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Brazzil - Brazil and US - June 2003

Brazil and Their Civilized Neighbors to the North

While geographically located in the "western" hemisphere, Brazil
does not fully qualify as a western nation. The terms
"west" or "westernized" have become euphemisms for "civilized",
"white" and "English-speaking." It is time the world learns
that America is not a country, but an entire continent.

Alan P. Marcus

 

Modernity has provided the general public in this so-called "globalized" world, with mass media, television, and with the perpetuation of ambiguous terminology disseminated to the general public. Certain terminology has created a universal "blinding" effect on political, geographical and cultural issues. For example the terms "west" or "westernized" and "America" in modern contemporary parlance have made headway into popular and scholarly culture all over the world.

What do these terms really mean? If one deconstructs the concept of "west", one should ask: "west" of what? Why is the "Middle East" not called the "Middle West", or why is the "Near East" not called "Near West", since this region would also be "west" of India, China or Japan? Cultural relativism is the obvious answer. That is; the view of contemporary geography, and popular culture "sees" the rest of the world relatively through the lens of a geographic Northern America or Great Britain. But more importantly and more disturbingly, the terms "west" or "westernized" have become in popular parlance, euphemisms for "civilized", "white" and "English-speaking", and the continent of "America", translates to a single country.

 Take for example, a comment such as: "Rio de Janeiro is actually a very `westernized' city". In this context, what exactly does "westernized city" mean? Does this imply that Rio was previously thought to be "non-westernized", and if so, again what does that mean? The need for the qualification "westernized", points to an interesting phenomenon with a deeper significance. Logic illustrates that this qualification is equivalent to saying, for example: "John Smith is black, but actually very honest".

The implication here is distressing and ethnocentric, since the reverse denotes that everything that is not "western" or "westernized" is euphemistically "non-English-speaking" and therefore "uncivilized" or "wild" and thus pertaining to an imaginary world. This imaginary world does not exist in reality; it is only a part of popular culture that exists in movies, perpetuated by the mass media, and in popular and science fiction, that is; a textbook case of a stereotype. When the word "westernized" is used to mean "civilized" the deconstruction of such semantics is in order, particularly since these terms are entirely relative and subjective terms.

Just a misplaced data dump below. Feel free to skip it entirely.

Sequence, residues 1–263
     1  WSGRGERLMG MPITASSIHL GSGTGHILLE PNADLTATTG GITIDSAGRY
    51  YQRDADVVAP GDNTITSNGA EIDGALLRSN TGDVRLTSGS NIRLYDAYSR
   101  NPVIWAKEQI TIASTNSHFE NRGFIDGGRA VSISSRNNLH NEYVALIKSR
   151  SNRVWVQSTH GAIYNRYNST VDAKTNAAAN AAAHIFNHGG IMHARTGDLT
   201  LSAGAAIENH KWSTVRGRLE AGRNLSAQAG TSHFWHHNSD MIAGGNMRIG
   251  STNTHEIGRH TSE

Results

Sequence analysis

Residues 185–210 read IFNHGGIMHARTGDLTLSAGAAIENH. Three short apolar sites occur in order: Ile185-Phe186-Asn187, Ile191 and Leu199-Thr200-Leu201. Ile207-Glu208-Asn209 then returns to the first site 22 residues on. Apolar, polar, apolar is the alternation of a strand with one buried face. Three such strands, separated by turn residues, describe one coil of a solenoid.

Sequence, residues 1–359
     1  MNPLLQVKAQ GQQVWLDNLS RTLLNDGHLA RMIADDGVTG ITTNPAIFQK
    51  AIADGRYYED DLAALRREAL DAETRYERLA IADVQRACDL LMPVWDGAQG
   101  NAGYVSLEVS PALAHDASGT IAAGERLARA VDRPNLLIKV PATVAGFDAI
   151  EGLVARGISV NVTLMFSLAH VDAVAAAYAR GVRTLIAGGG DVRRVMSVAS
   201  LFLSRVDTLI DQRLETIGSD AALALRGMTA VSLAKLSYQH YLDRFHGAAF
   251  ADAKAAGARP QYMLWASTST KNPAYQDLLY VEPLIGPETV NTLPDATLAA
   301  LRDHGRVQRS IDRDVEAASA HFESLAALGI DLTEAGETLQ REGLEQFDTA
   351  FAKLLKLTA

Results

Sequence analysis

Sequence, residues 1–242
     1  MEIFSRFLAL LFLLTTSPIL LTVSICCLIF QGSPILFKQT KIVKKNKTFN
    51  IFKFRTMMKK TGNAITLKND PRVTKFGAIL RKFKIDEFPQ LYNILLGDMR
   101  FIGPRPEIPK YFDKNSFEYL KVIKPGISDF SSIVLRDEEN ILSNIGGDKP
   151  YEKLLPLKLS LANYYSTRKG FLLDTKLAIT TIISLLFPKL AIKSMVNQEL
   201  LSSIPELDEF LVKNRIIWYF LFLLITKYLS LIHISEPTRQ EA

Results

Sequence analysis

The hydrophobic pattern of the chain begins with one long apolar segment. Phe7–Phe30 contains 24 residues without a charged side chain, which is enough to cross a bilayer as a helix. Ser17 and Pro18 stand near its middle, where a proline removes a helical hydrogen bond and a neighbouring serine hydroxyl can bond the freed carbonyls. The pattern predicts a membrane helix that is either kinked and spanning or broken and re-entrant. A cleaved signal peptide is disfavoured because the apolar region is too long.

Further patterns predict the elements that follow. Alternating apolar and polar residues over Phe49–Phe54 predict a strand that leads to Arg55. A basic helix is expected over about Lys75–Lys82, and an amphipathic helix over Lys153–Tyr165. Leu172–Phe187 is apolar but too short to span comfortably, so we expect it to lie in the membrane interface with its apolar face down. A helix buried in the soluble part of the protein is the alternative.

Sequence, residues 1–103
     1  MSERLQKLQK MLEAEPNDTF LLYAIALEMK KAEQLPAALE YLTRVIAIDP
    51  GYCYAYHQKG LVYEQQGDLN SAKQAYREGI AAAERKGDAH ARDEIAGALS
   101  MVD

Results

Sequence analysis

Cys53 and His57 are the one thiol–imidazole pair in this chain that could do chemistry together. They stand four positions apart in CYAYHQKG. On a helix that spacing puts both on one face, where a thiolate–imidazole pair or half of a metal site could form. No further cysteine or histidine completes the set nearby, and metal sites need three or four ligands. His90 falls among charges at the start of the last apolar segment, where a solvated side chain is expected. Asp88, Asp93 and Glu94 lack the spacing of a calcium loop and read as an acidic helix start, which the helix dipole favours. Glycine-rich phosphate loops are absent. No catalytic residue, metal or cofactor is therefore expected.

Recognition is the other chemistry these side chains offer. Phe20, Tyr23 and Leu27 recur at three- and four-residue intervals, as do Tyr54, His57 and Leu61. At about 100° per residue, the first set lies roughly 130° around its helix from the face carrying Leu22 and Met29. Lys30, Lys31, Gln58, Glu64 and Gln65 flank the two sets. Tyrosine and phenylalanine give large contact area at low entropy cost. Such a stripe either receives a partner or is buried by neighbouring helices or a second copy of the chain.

The myth of the "west" is perpetuated by the semantics of the general public and of scholarly culture, accustomed to hearing that anyone who is perceived as "non-white" or non-English-speaking is automatically considered "non-western". Brazil is a perfect example of these misconstrued terms.

Brazil is geographically located in the American continent, more precisely "South America", therefore located in the so-called "western" hemisphere. But that still does not seem to fully qualify Brazil to fit the definition of "west".

The popular and scholarly imagery of Brazil is construed within the realm of a "non-western-world", also conveying the idea of an imaginary population that is very much imbued in the gross stereotype of the "rain-forest-Amerindian-uneducated-Spanish-speaking-rural-immigrant". Nothing far from the truth could describe a typical Portuguese-speaking-urban-middle-class Brazilian immigrant found in Massachusetts or New York City.

The appropriation of the word "America" used to refer to the country United States of America, has also become part of popular culture and in serious need of examination. The interchangeable use of the words "America" and "USA," is ubiquitous and can be heard all over the world. This appropriation carries a loaded political and cultural subtext. Geographically Brazil is actually larger than continental USA, and ought to put political size into perspective. However, this appropriation also leads to subconscious ramifications and conveys a false sense of entitlement of size equated to political and cultural power.

In addition, and more importantly, America is not a country: it is an entire continent. The United Stated of America, Canada and Mexico are part of North America in the northern part of the Americas. The American continent comprises a plurality of nations, languages, cultures and ethnicities, and to appropriate the term "America" entirely as a single country is geographically inaccurate and wrong.

The terms "west" or "westernized" and "America", represent inaccurate and monolithic ways of perceiving and looking at the world, and are grossly misused terms perpetuated by popular and scholarly culture.

 

Alan P. Marcus (Master's of Science in Human Geography, in progress) is a Brazilian living in the USA. He has also written other articles on Brazilian issues on identity, "race", ethnicity, and animal ethics for Brazzil magazine, available online: www.brazzil.comE-mail contact: amarcus@geo.umass.edu

 

 









 
 
 







 



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